What does it mean to welcome the stranger?
The tradition of welcome is strong in many cultures and religions around the world. My own family is largely Irish. If I want to get all misty-eyed about my heritage I could point to the importance hospitality held among the ancient Celts.
The ideas of hospitality and sanctuary have served civilization for thousands of years.
And for good reason. Beyond being nice, a strong tradition of welcome encouraged trade. It gave everyone some protection. Even in a strange land, you could usually depend on the “kindness of strangers” – at least for a while.
What has this got to do with fundraising?
Consider the role of welcome in our work.
We talk about welcoming donors to our cause. We work hard to smooth the pathways to our door so we can inspire the funding needed to do our work.
But it’s more than that.
Perhaps your organization’s mission deals with welcoming those on the outskirts of society: the poor, the hungry, and the people without a roof over their head. Your organization’s need to welcome is pretty clear there.
Or maybe you work with an arts organization. In that case, welcome might take the form of access – to people who can’t usually afford your work. Or people who might not understand it.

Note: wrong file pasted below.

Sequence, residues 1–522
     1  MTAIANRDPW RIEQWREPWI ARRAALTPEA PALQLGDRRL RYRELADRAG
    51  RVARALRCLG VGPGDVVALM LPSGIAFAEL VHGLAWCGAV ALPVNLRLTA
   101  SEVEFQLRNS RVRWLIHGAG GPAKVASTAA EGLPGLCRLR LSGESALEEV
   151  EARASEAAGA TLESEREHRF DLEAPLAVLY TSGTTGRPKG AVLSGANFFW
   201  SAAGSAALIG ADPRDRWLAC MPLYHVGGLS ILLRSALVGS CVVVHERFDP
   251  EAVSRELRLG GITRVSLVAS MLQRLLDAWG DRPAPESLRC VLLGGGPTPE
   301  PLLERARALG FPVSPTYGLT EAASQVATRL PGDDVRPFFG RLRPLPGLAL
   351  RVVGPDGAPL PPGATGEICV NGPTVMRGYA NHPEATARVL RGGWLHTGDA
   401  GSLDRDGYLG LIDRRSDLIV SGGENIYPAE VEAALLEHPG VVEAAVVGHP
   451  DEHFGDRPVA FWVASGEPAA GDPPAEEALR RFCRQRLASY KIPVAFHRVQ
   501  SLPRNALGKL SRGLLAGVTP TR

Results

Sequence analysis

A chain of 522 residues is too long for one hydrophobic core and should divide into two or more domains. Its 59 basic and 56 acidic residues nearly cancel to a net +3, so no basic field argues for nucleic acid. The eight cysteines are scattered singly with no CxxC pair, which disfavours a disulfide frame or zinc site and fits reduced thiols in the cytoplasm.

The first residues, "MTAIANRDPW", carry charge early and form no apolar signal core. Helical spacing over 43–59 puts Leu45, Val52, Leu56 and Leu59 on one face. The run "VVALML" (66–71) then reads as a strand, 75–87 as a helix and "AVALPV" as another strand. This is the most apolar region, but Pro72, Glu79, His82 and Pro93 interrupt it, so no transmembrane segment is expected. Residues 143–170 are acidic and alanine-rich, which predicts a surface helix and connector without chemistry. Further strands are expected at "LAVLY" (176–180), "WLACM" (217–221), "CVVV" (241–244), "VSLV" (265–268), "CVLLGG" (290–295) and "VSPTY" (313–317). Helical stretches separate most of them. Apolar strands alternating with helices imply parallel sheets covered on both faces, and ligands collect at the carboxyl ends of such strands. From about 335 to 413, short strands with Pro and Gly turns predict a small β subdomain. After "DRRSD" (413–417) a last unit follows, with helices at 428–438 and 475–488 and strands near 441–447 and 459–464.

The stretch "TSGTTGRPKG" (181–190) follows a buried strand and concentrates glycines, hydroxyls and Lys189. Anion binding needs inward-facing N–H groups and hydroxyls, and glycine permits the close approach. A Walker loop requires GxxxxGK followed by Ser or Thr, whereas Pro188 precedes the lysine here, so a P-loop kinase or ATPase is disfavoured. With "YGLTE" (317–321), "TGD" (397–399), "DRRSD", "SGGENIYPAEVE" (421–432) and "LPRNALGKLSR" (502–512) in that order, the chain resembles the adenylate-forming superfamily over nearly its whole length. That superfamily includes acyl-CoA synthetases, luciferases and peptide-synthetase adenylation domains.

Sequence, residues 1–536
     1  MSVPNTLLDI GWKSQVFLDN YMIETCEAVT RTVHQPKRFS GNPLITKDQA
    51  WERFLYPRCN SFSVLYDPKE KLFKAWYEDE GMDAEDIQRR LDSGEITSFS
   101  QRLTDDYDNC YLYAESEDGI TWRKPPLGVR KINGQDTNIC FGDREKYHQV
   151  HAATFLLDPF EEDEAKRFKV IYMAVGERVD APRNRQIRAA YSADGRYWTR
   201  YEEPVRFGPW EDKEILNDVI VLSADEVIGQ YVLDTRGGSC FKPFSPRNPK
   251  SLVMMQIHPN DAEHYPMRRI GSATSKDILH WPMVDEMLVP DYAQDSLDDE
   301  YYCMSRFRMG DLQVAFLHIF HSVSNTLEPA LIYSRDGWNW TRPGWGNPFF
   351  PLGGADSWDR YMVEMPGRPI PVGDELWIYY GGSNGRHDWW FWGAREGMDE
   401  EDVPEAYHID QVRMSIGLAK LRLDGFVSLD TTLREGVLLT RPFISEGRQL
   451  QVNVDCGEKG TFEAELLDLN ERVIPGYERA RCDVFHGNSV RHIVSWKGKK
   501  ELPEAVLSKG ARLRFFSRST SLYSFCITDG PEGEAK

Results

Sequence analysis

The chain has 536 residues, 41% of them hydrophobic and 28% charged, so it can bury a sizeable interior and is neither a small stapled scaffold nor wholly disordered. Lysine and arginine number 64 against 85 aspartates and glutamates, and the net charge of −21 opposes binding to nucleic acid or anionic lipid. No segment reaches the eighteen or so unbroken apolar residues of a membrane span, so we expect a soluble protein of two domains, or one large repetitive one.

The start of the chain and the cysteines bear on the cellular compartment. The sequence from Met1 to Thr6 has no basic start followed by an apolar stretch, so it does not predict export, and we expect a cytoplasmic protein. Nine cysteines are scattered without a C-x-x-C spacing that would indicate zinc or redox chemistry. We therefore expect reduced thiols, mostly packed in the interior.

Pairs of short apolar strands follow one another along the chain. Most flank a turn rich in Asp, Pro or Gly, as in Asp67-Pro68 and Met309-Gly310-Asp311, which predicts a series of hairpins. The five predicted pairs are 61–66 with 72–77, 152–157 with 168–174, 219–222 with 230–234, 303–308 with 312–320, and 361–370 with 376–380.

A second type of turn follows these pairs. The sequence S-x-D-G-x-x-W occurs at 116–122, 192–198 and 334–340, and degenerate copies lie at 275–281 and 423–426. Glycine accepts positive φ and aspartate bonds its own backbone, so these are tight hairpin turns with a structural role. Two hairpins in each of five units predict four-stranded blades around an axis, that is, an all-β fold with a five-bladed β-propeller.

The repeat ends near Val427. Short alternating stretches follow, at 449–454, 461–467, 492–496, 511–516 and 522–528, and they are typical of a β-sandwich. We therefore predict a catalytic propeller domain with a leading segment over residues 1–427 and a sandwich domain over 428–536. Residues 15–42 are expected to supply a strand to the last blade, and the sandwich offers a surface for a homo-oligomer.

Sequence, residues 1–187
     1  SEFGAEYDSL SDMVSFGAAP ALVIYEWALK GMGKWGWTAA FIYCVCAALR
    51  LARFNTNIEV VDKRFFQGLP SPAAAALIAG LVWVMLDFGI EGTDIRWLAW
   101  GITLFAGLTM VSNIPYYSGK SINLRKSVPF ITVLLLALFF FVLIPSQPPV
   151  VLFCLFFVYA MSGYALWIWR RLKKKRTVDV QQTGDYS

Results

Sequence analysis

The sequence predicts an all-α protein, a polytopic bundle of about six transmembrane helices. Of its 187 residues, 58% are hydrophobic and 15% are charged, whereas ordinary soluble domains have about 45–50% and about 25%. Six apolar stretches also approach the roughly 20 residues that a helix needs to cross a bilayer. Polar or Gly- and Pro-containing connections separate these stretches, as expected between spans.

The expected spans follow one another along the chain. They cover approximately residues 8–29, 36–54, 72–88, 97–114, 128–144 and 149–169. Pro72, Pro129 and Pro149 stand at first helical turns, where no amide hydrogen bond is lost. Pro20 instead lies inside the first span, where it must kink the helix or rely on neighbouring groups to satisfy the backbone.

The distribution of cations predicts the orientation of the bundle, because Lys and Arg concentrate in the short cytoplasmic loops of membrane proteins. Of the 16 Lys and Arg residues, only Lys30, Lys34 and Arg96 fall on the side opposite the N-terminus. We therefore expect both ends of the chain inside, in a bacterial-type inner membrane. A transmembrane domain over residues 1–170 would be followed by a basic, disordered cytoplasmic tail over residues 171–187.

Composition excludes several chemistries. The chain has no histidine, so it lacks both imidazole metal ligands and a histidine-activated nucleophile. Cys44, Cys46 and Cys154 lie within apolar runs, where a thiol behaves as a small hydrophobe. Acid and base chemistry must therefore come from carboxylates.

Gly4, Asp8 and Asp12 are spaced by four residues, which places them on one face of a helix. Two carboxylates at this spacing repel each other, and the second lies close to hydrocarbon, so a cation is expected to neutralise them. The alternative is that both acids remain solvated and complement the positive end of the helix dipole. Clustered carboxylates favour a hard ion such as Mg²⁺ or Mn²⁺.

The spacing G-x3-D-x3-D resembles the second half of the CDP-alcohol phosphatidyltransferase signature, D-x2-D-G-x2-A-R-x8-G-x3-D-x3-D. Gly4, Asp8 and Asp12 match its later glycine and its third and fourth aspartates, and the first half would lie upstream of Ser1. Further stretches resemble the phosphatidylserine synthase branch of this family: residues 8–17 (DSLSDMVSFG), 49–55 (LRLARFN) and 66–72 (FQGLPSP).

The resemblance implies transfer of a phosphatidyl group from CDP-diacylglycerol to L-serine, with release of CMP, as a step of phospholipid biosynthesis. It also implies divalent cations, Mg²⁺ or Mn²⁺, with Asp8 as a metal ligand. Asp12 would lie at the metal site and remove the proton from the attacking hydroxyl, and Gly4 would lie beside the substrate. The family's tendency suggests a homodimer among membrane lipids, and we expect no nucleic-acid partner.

Whatever your field – social services, arts, education, healthcare, research, there’s a need to welcome people.
We welcome them. And we invite them to help us make the world a better place.
But what have you done, personally, to be welcoming?
If you work with hungry or homeless people, have you left the office to spend time with them? Have they become Roger and Anna and Raul – not just “the people we help”?
If you work in the arts, have you gone into the theater to talk with audience members? To hear what they have to say, person to person?
Whatever your organization’s mission, have you welcomed the $5 donor as much as the $50,000, treating each with respect and gratitude?
At your fundraising event, do you seek out the person by himself in the corner of the room?
Your life will be richer and you’ll be a more effective fundraiser if you make that time.
You’ll be exposed to new viewpoints. You’ll see people in a different way. You’ll see your organization’s work in a new way.
And what you learn will make it easier for you to welcome others – those who need help and those who want to help.
Thanksgiving is about gratitude, of course.
It’s a lovely time of year to focus on what makes you grateful. And gratitude does make you happy and healthier.
But Thanksgiving is also about welcome.
So this Thanksgiving especially, let’s also remember we celebrate the welcome Native Americans offered to the strangers in their land. (And not all those strangers behaved well.)
Let’s follow their lead and make room for the people who don’t always find welcome – in our hearts, our organizations and our country.
Let’s share what we have – our hearts, our knowledge, our comfort and security – with those who need it most.
Thank you for all you do.
Photo by Anthony Delanoix